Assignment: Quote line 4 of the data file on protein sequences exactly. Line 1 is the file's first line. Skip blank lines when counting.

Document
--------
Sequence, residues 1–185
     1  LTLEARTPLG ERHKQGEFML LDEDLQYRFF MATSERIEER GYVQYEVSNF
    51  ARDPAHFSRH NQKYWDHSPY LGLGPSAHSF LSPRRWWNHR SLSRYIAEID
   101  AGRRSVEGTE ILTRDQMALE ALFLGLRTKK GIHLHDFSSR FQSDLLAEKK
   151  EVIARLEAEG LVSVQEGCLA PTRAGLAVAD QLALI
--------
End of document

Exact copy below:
   101  AGRRSVEGTE ILTRDQMALE ALFLGLRTKK GIHLHDFSSR FQSDLLAEKK